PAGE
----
Breaking the Language Barrier
I was recently asked to write a ‘guest critic’ piece for Harpers Wine & Spirits magazine. It got chopped a little as these things do, so here is the piece in full:
There was a time in my not-so-distant past when my lips had never before uttered the words ‘lees’, or ‘volatile acidity’ or even ‘mouth feel’ or ‘finish’.
Although I lacked a vocabulary for wine, I was passionate about it, and communicated that passion over a glass or two to anyone who would listen.
Five years on and I find myself deeply entrenched in the wine world, scraping a living by communicating with others that very same passion, this time armed with an arsenal of words and phrases deemed appropriate to use when talking about wine. And while I understand a need for a common wine ‘language’, I also can’t help but feel that this ‘insider’ speak often hurts our industry more than it helps it. Considering none of us would even have a career if it weren’t for consumers–the people we rely on to buy the stuff we rattle on about–we’re doing a damn fine job at isolating the lot of them. A short perusal through wine-related Twitter conversations reveals industry folk speaking mostly to each other, engaging in verbal banter decipherable by only the most serious of wine geeks.
I realise that five years in the wine industry is barely a ripple in a pool of fermenting grape juice when compared to many of my colleagues, but I find that the more time I spend in the ‘biz’, the easier it is to get absorbed in what is a fantastic but often insular community (or private members club as it sometimes feels), and to forget who I’m really working for. I have to force myself to remember what it was like not to know or to care about things like ‘malo’ or ‘bret’. But my relative toddler status in this industry does help when I am communicating with consumers, as I try to cast myself back five years when wine was new and exciting, but also incredibly overwhelming; to a time when I was desperate for someone to speak to me on my level–not condescendingly but not over my head–and to assure me my questions weren’t stupid. Most importantly, I wanted someone to make wine fun (this was surprisingly hard to find).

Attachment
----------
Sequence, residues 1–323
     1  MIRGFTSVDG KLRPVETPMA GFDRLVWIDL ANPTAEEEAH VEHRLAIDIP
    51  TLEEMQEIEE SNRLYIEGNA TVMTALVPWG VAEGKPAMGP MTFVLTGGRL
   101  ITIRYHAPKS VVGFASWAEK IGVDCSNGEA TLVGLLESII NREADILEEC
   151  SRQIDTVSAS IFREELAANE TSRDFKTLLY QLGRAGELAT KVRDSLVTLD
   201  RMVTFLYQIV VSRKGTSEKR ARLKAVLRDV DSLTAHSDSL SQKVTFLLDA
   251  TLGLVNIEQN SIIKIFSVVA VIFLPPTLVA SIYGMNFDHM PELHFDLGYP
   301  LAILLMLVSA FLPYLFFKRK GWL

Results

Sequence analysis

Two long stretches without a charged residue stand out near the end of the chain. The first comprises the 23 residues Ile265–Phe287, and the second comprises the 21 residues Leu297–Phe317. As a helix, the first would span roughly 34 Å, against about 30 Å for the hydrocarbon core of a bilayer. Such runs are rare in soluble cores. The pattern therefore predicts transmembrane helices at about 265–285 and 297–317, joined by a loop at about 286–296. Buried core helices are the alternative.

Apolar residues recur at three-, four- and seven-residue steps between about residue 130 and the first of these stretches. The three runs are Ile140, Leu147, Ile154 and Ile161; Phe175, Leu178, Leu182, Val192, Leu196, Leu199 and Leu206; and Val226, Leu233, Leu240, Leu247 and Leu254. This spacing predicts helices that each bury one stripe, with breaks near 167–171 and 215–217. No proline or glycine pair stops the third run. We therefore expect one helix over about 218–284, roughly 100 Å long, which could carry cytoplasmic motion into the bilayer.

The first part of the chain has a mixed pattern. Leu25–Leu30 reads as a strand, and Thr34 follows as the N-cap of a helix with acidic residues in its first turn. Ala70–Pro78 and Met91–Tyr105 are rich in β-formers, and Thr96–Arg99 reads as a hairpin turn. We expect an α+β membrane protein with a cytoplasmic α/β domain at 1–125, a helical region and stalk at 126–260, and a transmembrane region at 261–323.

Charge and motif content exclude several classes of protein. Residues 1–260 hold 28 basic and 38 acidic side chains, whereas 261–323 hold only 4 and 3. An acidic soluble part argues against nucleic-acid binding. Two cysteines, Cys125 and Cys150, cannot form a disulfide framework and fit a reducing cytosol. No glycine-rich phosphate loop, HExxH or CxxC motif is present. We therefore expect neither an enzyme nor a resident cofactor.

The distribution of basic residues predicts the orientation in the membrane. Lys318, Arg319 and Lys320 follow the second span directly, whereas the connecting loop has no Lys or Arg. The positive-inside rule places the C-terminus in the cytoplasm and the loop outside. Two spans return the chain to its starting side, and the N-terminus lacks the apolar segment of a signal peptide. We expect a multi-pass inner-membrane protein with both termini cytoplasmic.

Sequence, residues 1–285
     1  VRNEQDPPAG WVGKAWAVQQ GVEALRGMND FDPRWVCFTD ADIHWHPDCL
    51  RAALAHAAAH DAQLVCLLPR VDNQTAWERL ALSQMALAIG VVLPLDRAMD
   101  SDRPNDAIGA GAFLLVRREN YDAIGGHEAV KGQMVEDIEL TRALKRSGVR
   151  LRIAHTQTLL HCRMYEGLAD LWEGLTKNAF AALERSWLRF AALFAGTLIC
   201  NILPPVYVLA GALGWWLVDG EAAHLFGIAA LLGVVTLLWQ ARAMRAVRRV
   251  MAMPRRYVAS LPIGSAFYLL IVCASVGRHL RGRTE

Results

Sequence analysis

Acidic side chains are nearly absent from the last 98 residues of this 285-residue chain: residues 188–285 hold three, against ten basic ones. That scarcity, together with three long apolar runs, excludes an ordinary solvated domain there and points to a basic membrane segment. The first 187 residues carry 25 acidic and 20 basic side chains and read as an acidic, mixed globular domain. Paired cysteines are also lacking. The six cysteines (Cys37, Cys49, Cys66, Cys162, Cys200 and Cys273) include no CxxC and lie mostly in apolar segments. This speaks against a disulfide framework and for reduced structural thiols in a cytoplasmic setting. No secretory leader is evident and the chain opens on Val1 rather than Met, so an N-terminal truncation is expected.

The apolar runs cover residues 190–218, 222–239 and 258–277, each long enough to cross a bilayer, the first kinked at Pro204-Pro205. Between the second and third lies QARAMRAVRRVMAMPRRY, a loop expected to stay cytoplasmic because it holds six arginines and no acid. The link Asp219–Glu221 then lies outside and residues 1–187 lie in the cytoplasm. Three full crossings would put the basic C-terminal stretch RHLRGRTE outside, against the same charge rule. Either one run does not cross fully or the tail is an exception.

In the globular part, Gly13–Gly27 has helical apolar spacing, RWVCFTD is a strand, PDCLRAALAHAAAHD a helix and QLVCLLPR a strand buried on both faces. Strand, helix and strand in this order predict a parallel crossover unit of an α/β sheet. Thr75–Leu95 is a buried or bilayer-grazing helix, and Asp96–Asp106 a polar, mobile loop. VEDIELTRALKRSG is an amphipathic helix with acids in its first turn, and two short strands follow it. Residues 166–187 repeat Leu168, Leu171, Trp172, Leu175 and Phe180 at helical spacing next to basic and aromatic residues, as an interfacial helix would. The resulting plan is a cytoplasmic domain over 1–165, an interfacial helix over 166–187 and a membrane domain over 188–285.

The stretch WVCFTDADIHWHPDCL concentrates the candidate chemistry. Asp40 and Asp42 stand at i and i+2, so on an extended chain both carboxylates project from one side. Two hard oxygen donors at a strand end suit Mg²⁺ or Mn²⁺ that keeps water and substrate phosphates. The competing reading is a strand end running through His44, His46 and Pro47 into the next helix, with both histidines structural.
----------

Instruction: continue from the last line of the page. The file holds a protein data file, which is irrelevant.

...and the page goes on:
On The Crush, the podcast I co-host with my Los Angeles based colleague, these are the things we strive for; to personalise wines, tell the stories of the people behind them and their unique land. We experiment with pairing wines with songs, or celebrities, or memories. Anything to make it fun and engaging, and to create an environment where there are never any stupid questions. The feedback has been very positive. Our listeners found that, for example, when a Malmsey Madeira was compared to Frank Sinatra’s I’ve Got You Under My Skin, they could suddenly understand the wine. And they wanted to drink it.
Don’t get me wrong, a good heated discussion on the merits of SO2 or the origins of native yeast with my colleagues can be highly fulfilling (for me). And we all feel pretty clever when talking about a wine’s high VA or slight oxidation. But while we’re busy sounding savvy, we’re not engaging the exact people this industry exists for. Let’s start talking to them, in their language.
Harper’s panel discussion about understanding consumers. It’s taking place at the London International Wine Fair on Wednesday 23rd of May at 11:30. Sign up for it HERE. Following that if you really want to overdose on yours truly, I’m co-hosting a masterclass on Lebanese wines with expert Michael Karam at 15:00 the same day. Exciting stuff!